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Vitamin users in last-ditch bid to stop ban on supplements
By Geoffrey Lean and Steve Bloomfield
23 January 2005
Consumers and producers of popular vitamin and mineral supplements used by thousands every day will this week make a last-ditch attempt to prevent a European Union directive from banning them.
Campaigners claim products from well-known brands including Holland and Barrett, Solgar and Viridian will be removed from the shelves unless they are reformulated.
The campaign against the directive has enlisted the help of a number of high-profile supporters, including Cherie Blair's former lifestyle adviser Carole Caplin and the actress Jenny Seagrove. Dame Judi Dench and Bianca Jagger are also backing the campaign.
A third of women and a quarter of men take health food supplements in the UK and the market is thought to be worth at least ยฃ350m a year.
The EU directive lists only 28 vitamins and minerals, and 112 sources from which they were derived for use in food supplements, which can be sold legally after it comes into force on 1 August. It would threaten up to 5,000 products, containing more than 200 nutrients, which campaigners claim have been used safely in specialist supplements for many years.
Some large chains, such as Boots, have already reformulated their products to meet the new EU rules and say their customers will see no difference when the directive comes into force. Also, manufacturers who submit detailed scientific dossiers by July this year that prove their ingredients are safe will still be allowed to sell their products.
Campaigners say the cost on suppliers could force smaller firms into bankruptcy. Few of the small health food companies can manage the expense - up to ยฃ250,000 for each ingredient - and only a handful of safety dossiers are being prepared.
Consumers for Health Choice, who have been leading the campaign against the directive, said that products under threat include Solgar Prenatal Nutrients, which contain nutrient sources not on the EU's list, and Holland and Barrett's ABC Plus, which has a high dose of vitamin C.
A court case brought by the National Association of Health Stores and the British Health Foods Manufacturers Association will argue on Tuesday that Brussels is exceeding its powers by imposing a blanket ban. It is being contested by the EU's institutions and by the governments of Greece and Portugal as well as Britain.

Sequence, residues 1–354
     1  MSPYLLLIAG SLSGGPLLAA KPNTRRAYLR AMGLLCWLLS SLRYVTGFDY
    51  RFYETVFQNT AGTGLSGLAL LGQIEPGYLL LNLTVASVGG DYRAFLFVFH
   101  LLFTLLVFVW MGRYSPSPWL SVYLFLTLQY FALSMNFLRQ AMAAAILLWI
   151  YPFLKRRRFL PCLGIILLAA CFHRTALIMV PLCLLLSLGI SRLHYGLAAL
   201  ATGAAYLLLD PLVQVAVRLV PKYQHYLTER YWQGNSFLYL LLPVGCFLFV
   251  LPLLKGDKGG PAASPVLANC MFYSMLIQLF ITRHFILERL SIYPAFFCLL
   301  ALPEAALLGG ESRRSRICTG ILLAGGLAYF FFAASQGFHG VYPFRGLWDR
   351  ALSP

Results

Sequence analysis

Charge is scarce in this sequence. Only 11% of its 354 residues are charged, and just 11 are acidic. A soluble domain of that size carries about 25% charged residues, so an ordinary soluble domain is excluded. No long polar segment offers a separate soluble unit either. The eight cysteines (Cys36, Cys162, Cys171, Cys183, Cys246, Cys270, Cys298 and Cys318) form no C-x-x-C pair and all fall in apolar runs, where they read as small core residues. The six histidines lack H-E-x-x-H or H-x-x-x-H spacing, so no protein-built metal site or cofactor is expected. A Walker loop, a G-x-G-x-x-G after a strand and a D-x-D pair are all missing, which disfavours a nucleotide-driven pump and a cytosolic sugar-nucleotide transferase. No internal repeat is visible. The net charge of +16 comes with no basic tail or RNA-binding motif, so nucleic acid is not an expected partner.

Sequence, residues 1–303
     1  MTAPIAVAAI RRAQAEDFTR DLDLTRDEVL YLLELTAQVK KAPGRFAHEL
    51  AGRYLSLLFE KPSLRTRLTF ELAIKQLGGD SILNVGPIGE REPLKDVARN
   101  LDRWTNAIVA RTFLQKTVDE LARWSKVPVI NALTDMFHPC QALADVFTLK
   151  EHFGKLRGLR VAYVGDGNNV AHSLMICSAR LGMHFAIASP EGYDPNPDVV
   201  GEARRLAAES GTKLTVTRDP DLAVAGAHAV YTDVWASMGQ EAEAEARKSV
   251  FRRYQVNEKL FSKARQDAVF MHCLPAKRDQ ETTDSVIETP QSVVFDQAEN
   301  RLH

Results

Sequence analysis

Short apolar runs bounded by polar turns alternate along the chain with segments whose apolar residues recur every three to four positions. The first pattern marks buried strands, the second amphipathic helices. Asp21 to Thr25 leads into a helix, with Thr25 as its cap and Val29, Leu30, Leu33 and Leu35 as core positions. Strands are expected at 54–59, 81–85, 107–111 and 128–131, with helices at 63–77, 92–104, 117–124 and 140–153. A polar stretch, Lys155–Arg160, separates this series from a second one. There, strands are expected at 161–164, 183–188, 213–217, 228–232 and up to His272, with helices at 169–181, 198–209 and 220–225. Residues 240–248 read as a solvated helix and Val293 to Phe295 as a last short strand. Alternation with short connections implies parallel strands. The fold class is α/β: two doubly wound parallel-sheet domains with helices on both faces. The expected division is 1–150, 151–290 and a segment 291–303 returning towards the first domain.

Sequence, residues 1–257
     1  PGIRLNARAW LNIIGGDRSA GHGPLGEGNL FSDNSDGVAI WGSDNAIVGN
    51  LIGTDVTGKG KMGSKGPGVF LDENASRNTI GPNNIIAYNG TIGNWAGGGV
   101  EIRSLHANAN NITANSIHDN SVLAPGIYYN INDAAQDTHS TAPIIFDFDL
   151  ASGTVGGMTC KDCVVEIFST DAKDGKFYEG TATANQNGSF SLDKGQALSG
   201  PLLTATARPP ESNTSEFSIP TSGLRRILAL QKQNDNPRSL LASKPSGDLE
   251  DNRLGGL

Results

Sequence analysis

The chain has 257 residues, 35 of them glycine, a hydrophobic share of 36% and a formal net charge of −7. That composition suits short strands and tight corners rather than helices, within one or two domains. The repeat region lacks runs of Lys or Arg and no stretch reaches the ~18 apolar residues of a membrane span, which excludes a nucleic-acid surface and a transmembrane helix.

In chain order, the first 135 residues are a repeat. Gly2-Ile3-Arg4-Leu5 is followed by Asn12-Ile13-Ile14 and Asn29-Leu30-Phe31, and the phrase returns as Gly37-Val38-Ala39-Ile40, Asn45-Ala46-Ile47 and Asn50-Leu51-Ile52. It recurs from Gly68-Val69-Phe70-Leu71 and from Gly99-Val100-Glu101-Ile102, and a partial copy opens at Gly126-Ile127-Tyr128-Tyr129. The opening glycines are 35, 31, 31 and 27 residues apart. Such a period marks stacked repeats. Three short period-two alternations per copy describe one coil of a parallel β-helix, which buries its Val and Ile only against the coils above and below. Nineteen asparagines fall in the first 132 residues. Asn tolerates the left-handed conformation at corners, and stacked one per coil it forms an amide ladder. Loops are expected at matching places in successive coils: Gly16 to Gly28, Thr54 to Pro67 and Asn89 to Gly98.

On the same day, the Conservatives, who say the measure will outlaw virtually every popular multi-vitamin pill sold in the country, will call in the Commons for the ban to be scrapped.
Ministers are concerned that growing public opposition to the ban will affect the referendum on the European Constitution, due after the general election.
Peter Hain, the Leader of the House of Commons, has called it "unnecessary interference" by Brussels, and other ministers have privately expressed sympathy with the protesters. But the Government is still pressing ahead with the ban, and will defend it in the European Court case.
Some reports suggest that some products could cause problems in high doses, but a major body of research demonstrates that deficiencies in minerals and vitamins, levels of which are falling in modern diets, can cause heart disease, osteoporosis, cancer and other conditions.
A recent study published by the American Medical Association shows that taking some mineral and vitamin pills reduces the risk of contracting cancer and cardiovascular disease, and protects foetuses.
The ban, the first of a series of EU measures designed to outlaw a range of alternative medicines, is contained in the Food Supplements Directive, passed in 2002 to harmonise the trade in supplements between EU member states and after lobbying from the pharmaceutical industry.
Sue Croft, a spokeswoman for Consumers for Health Choice, said: "If this directive comes into force it will affect the lives of millions. To have these supplements removed and to put more strain on the NHS is nothing short of a crime. At the election we will be targeting those MPs who do not vote to stop this."
A spokeswoman for Boots, however, which has a third of the vitamin supplement market, said the company had been gradually reducing the level of vitamins and minerals in own-brand supplements in line with new safety levels.
"Consumers won't see a huge change," a spokeswoman said. "We fully support this EU directive."